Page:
Consistent customer service still an elusive goal
Managers say the best contact centers have service-oriented workers and automation
- By Aliya Sternstein
- Apr 10, 2006
Agencies increasingly rely on contact centers to communicate with the public via Web sites, e-mail messages, telephone calls and postal mail. A new report criticizes many of those centers for lacking guidelines to manage federal customer service and ensure accuracy.
The Government Accountability Office found that customer service centers, most of which contractors operate, sometimes fail to include accuracy as a performance metric. GAO’s auditors reported that one of the biggest customer service operations — the federal government — does not provide consistent service. Some agencies have tried to address the problem by installing customer relationship management (CRM) software at contact centers.
From November 2005 to February, congressional auditors studied six centers that handle more than 1 million inquiries annually for information that affects people’s finances, health and safety. They found that only four of the six agencies that they evaluated included accuracy as a performance metric in their contact center contracts.
But a number of agencies, including the Centers for Medicare and Medicaid Services, the Social Security Administration and the Agriculture Department, use CRM technologies to manage their customer service center operations. Customer service statistics and analytics generated by CRM software help show how well agencies’ contact centers meet customer expectations.
Last fall, an interagency committee of government contact service managers proposed customer service guidelines to resolve some of the problems that GAO cited in its report. The Citizen Service Levels Interagency Committee submitted to the Office of Management and Budget 37 proposed standards for operating contact centers, including four standards specific to ensuring accuracy.
CSLIC is an interagency committee formed as part of the General Services Administration’s USA Services initiative. Its purpose is to develop guidelines to ensure that citizens receive accurate, timely and consistent service from federal agencies.
OMB reviewed the committee’s proposed standards but decided not to issue formal guidance. Alex Conant, an OMB spokesman, said agencies should encourage use of the CSLIC standards.
GSA officials said they, too, might not push for formal standards because some agencies lack the funds to adhere to the CSLIC guidelines and recommendations. In March, GSA sent an e-mail message containing a link to the CSLIC report to 290 deputy secretaries, chief information officers and other leaders.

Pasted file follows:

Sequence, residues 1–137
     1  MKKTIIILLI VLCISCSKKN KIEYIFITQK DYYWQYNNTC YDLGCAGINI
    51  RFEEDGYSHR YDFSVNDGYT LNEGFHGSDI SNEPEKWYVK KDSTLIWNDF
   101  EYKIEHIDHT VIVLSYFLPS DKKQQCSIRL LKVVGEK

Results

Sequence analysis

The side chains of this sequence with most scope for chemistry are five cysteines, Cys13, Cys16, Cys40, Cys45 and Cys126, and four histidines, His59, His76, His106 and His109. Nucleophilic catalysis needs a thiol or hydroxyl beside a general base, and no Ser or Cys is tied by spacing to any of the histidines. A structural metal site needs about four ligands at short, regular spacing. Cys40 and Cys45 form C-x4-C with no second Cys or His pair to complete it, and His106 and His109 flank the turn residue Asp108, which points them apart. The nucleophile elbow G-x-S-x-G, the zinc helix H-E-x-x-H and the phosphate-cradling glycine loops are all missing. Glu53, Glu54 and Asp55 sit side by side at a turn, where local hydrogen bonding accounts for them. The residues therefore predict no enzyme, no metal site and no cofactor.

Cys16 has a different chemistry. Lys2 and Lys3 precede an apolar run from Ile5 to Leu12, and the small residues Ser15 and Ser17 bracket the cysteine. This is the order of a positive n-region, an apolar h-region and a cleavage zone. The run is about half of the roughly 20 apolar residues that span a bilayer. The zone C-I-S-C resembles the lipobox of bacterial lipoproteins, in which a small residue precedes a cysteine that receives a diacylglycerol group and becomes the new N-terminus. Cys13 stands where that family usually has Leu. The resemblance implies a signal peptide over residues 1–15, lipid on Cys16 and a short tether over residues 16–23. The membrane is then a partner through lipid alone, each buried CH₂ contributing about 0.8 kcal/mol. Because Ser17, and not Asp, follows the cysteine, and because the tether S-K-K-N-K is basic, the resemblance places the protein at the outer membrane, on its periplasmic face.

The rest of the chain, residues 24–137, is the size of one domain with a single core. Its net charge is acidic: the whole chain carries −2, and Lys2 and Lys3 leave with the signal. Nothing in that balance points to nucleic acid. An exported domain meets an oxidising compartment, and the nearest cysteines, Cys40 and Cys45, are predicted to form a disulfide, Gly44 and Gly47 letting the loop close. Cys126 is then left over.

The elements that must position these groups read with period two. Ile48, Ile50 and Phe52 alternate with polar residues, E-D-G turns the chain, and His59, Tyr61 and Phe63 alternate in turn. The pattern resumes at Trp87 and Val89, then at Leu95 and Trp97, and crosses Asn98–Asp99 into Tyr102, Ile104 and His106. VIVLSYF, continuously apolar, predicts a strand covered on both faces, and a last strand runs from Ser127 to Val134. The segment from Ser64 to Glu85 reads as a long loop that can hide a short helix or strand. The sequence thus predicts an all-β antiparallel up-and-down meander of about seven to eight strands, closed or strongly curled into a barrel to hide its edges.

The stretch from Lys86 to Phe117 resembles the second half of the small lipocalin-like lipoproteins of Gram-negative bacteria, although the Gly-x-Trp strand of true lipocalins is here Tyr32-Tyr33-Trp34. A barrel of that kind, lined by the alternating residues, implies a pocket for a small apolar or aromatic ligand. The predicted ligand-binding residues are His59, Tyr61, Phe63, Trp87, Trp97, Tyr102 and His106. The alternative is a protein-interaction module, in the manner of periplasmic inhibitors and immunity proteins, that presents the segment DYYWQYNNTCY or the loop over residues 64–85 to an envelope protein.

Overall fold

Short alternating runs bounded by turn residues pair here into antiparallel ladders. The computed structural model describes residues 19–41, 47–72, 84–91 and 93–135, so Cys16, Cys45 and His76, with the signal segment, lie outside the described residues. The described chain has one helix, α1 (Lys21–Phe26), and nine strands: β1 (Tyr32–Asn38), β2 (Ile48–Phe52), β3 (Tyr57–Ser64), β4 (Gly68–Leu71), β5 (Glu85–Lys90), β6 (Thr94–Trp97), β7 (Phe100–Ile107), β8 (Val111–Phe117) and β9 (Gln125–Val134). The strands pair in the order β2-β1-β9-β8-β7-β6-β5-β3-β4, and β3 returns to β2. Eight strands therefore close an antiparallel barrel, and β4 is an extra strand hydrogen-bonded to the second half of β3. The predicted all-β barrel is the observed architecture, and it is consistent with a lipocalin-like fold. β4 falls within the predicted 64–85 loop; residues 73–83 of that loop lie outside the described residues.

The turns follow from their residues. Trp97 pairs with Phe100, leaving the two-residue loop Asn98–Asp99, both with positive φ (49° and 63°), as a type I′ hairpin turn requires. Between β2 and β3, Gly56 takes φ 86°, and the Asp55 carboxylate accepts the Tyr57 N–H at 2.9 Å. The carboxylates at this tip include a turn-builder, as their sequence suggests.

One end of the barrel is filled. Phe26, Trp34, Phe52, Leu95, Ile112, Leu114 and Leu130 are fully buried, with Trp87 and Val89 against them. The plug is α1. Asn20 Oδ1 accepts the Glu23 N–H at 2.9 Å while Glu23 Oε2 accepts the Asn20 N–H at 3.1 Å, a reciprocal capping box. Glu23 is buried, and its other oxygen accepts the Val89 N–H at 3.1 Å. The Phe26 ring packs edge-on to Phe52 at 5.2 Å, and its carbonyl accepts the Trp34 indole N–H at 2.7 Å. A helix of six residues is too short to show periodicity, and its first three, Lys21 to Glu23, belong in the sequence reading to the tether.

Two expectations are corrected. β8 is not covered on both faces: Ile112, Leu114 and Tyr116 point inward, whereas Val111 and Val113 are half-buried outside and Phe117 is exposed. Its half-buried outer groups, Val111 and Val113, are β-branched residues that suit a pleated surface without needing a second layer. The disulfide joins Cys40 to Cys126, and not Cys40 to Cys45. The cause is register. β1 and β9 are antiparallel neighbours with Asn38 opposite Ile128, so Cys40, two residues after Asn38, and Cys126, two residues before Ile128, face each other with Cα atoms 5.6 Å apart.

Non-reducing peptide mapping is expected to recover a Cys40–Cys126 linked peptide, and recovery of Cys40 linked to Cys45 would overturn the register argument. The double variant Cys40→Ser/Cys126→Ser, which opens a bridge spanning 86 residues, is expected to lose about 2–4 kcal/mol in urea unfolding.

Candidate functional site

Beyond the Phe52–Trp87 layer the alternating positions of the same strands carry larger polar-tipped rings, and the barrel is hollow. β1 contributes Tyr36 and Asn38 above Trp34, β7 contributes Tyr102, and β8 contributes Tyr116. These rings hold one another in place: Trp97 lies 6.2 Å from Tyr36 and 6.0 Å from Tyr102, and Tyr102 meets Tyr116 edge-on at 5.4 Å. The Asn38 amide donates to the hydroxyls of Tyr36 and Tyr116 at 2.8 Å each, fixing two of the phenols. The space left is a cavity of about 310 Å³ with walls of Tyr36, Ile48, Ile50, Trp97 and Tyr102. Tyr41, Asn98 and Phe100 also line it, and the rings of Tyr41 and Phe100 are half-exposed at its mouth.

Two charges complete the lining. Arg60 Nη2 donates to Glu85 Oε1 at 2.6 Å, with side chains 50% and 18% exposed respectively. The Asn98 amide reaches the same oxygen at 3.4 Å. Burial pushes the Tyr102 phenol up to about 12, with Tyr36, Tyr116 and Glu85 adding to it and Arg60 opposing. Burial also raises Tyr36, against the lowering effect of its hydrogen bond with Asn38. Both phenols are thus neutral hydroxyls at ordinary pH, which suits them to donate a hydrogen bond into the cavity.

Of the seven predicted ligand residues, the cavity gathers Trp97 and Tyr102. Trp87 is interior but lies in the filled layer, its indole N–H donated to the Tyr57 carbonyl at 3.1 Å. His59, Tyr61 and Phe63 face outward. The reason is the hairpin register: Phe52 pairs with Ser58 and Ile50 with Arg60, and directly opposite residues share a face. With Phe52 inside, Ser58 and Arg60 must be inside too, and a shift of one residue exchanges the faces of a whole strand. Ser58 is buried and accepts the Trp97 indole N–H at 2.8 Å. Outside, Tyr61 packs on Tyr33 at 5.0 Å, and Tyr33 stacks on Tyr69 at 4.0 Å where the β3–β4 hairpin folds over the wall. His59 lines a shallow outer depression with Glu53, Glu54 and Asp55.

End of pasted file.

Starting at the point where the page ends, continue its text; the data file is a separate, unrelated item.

Greg Gianforte, chief executive officer and founder of Right Now Technologies, which makes CRM software for contact centers, said the Internet has opened alternative channels for communication with the public, and new standards are necessary. With the Bush administration’s focus on citizen-centric e-government, Gianforte said, “it’s reasonable to expect that e-mails don’t go into a black hole.”
Some agencies have installed technology to monitor the performance of their customer service employees and information systems. USDA’s Farm Service Agency, for example, tracks the most frequent queries from Web site visitors. The agency uses that information to adapt its knowledge database to customers’ changing needs. When the agency discontinued the tobacco allotment program, it avoided an expected deluge of e-mail messages and phone calls from regional farmers by updating its database.
Les Solomon, manager of the Census Bureau’s largest contact center and a CSLIC member, said the committee’s report has done little to make agencies aware of CRM technologies. “I don’t think [the report] has quite the impact it could have if it had a little more backing from government,” he said. But he also said he recognizes current budget constraints.
Daryl Covey, co-chairman of CSLIC, said information technology, such as CRM software, works best when it complements a positive attitude toward customers. “You don’t start with the technology,” he said. “You start with the service-oriented culture.”
Technology can be useful in sharing lessons learned, said Covey, who manages a hot line as team leader for field support at the National Oceanic and Atmospheric Administration’s Next-Generation Weather Radar operations center. “There is no structured mechanism for the top performers to be exchanging practices or to bootstrap the ones who aren’t doing so well,” he said.
He added that “there’s probably little to no consistency in the platforms or applications that they are using.”
Covey said consistent customer service should come from the heart. “Government’s big, and change is slow,” he said. “The challenge is for [consistent service] to be adopted on its merits.”